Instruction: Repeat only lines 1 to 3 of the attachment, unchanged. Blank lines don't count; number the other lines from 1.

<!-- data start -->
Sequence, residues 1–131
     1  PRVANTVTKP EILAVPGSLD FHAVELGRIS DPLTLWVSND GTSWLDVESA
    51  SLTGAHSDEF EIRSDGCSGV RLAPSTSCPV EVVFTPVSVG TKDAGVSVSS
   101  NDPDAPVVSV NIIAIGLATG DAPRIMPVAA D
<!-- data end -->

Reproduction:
Sequence, residues 1–131
     1  PRVANTVTKP EILAVPGSLD FHAVELGRIS DPLTLWVSND GTSWLDVESA
    51  SLTGAHSDEF EIRSDGCSGV RLAPSTSCPV EVVFTPVSVG TKDAGVSVSS